By Richard Vedder
My wife Karen and I have a good friend named Kathy who is a veteran high school English teacher in Las Vegas. She is of the old school, expecting students to follow rules, learn material, and be evaluated rigorously on it. She has been fighting a losing battle to maintain standards in her school, and therein lies one of the major problems for higher education.
Kathy told my wife yesterday that her boss effectively told the teachers to not be too demanding of the kids, not to give low grades copiously, etc. The boss (who was upset with this herself)in effect said the central office did not want too many calls from irate parents, and that virtually all parents think their kids are wonderful students who should not be reprimanded, ordered to do a lot of work, or given low grades.
The recent reports of high school grade inflation are consistent with this, as are the results showing declining literacy amongst both high school and college graduates. We are dumbing down the curriculum in many cases, lowering our expectations, and getting the expected results. The American public basically does not want high standards or too much homework for their kids -- it might lower their self esteem and interfere with sports.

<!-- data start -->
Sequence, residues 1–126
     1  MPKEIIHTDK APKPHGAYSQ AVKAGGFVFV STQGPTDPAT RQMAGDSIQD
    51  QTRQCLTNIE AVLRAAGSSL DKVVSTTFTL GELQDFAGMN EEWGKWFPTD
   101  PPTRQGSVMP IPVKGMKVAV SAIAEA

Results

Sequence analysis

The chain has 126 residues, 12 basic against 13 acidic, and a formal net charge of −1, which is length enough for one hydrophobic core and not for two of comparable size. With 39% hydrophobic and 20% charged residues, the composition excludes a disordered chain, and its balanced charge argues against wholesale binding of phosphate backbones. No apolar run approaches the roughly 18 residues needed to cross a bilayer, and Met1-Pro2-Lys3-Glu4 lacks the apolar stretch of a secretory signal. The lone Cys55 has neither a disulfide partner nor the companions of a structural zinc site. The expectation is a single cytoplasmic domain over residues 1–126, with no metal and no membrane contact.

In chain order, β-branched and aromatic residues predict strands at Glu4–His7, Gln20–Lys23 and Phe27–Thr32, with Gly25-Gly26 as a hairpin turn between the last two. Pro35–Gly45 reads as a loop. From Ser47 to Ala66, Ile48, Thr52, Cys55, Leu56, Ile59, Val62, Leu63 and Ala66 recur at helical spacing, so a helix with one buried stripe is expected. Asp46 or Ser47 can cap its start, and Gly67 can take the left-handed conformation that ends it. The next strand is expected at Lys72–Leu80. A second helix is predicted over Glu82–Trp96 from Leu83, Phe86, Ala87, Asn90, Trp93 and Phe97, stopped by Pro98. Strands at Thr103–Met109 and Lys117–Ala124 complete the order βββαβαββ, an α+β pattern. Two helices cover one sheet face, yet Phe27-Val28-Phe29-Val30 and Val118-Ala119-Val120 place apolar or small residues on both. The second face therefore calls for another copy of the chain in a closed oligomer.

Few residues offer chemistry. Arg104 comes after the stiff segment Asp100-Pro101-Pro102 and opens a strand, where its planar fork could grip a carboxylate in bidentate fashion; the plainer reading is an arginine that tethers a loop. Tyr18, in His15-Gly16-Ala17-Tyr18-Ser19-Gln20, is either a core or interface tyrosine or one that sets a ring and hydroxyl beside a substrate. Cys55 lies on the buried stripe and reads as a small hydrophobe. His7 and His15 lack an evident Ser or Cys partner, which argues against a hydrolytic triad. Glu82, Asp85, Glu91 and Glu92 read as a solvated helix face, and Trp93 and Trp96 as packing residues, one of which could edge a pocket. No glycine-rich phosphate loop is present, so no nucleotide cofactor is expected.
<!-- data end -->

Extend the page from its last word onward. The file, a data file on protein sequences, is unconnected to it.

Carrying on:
All of this strengthens my conviction that maybe we should NOT be educating so many kids in college. Too many college kids enter unprepared, partially through no fault of their own. But why should we waste additional resources trying to educated ill-prepared kids with little sense of academic discipline? Of course, we need to whip our high schools into shape, perhaps, but given parental, teacher union and administrative attitudes, that is easier said than done.
To be sure, my own children (including daughter-in-law) who teach at the public secondary level are less pessimistic about the future than Saint Kathy of Las Vegas. I fear, however, that Kathy's lament has much truth to it in many school systems around our country.